From top: The proposed M28 route from Cork City to Ringaskiddy; Dan Boyle
This week arguments are being heard in the High Court on the decision of Bord Pleanala to agree with an earlier decision of Cork County Council, to approve the route for the construction of a new section of motorway, the M28, to better link the Port of Cork at Ringaskiddy with the existing road network.
The gist of the argument being made is that neither Cork County Council nor Bord Pleanala put sufficient emphasis on the EU Habitats Directive when making their respective decisions.
Their collective oversight seems to have been most negligent regarding a historic quarry at Raffeen, a key point of the proposed motorway route.
Maybe the County Council and Bord Pleanala were unduly influenced by the term ‘quarry’? The site had been untouched for many decades. It has developed into quite a haven of biodiversity.
Something that should been obvious to anyone promoting this project, if they had done anything like an effective Environmental Impact Statement.
There is a good reason that this legal argument could hold sway, given a recent court decision made in favour of Friends of the Irish Environment in relation to the proposed Shannon LNG refinery.
Here the total inadequacy of adhering to the EU Habitats Directive was cited as the ultimate reason why the planning decision was unsafe.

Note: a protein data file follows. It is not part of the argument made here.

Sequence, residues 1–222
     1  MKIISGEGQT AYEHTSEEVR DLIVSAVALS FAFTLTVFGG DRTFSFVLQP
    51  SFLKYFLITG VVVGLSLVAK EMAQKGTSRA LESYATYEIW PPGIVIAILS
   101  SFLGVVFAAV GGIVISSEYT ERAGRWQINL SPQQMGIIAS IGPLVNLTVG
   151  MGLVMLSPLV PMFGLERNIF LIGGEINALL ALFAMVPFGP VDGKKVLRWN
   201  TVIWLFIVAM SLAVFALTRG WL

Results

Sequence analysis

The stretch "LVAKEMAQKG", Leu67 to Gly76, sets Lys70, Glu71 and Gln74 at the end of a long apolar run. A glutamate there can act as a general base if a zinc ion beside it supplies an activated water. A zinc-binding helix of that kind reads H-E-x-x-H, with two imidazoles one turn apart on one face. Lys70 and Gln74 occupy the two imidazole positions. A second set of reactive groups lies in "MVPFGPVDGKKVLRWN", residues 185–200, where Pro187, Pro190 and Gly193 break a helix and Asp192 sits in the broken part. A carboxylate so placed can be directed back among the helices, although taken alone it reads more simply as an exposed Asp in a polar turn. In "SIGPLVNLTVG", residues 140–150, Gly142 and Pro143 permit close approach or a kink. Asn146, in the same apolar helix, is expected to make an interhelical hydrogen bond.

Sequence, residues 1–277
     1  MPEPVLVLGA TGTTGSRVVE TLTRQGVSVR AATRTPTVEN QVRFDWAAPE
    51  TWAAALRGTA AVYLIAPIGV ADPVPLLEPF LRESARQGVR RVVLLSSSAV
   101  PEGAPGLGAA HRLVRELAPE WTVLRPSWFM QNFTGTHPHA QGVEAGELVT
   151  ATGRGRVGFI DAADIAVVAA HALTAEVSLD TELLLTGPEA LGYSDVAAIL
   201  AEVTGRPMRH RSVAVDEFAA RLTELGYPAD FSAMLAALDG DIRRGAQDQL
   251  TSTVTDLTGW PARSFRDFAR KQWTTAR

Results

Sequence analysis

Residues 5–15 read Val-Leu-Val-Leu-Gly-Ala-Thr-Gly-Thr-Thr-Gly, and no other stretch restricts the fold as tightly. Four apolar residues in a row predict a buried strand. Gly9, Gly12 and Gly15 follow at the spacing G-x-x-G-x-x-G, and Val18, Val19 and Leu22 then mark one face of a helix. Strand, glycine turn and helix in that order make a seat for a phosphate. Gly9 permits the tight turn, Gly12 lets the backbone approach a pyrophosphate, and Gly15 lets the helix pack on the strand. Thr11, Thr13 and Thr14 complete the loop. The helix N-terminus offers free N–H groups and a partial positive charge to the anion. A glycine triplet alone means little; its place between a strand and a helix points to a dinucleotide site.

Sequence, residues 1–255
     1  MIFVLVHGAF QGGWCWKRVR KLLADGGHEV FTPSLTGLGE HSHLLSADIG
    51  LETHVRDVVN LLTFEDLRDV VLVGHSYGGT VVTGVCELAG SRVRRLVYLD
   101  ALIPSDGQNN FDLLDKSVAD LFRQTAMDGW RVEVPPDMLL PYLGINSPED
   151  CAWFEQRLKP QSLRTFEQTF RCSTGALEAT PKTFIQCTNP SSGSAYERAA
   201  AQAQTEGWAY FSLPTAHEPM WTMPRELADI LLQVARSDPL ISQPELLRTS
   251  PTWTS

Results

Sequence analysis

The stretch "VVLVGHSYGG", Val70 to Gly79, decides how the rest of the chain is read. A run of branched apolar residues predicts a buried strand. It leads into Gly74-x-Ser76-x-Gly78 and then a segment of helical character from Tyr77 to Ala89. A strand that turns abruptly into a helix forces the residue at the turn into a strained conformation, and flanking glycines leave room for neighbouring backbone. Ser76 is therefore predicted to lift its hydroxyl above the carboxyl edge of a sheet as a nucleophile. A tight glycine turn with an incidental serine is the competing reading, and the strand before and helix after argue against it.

The M28 judicial review is one of several such reviews that have or are being heard, all emanating from the Cork region.
Before the end of 2018 the Save Cork City campaign, protesting OPW proposals to create a concrete sarcophagus for the River Lee, as the least imaginative response to flooding risks, won its judicial review on Cork City Council’s contemptuous ignoring of the Habitats Directive.
Pending judicial reviews remain to be heard on the proposed Ringaskiddy incinerator, the plastics factory being suggested for Skibbereen, and an unloved promotion of a mechanised Kelp farm for Bantry Bay.
Giving permission to hear judicial reviews is by no means a given. The granting of these hearings is an admission that credibility exists in the taking of these cases, combined with the need to have arguments heard.
Part of me welcomes judicial activism in relation to the environment. It highlights the political indifference that has otherwise been the lot of environmental campaigners.
Much of this has been made possible by the application of the Aarhus Directive on the right to freedom of information on environmental matters into Irish law.
The Irish legal system has yet to realise the potential of this directive, but its impact is being felt incrementally.
In government The Greens struggled with an Attorney General who was painfully slow in implementing Aarhus. Within months of The Greens leaving office, a new Attorney General had no such qualms.
What these collective actions surely show is that our quasi judicial bodies, Bord Pleanala and the Environmental Protection Agency are not fit for purpose.
Neither body has ever had an environmental activist as a member of its board. Both have been the creatures of the traditional political parties and most particularly of IBEC.
In case it gets mentioned, while The Greens were in government, no vacancy occurred in either of these bodies.
We should be considering an Environmental Court, or possibly an Environmental Ombudsman.
To persist with a system where the only winners are the legal eagles, does not help campaigners, nor does not suit any concept of natural justice, and most certainly it doesn’t suit the environment.
Dan Boyle is a former Green Party TD and Senator. He is running in the local elections in Cork in May for the Greren Party. His column appears here every Thursday. Follow Dan on Twitter: @sendboyle
Map: Cork National Roads Office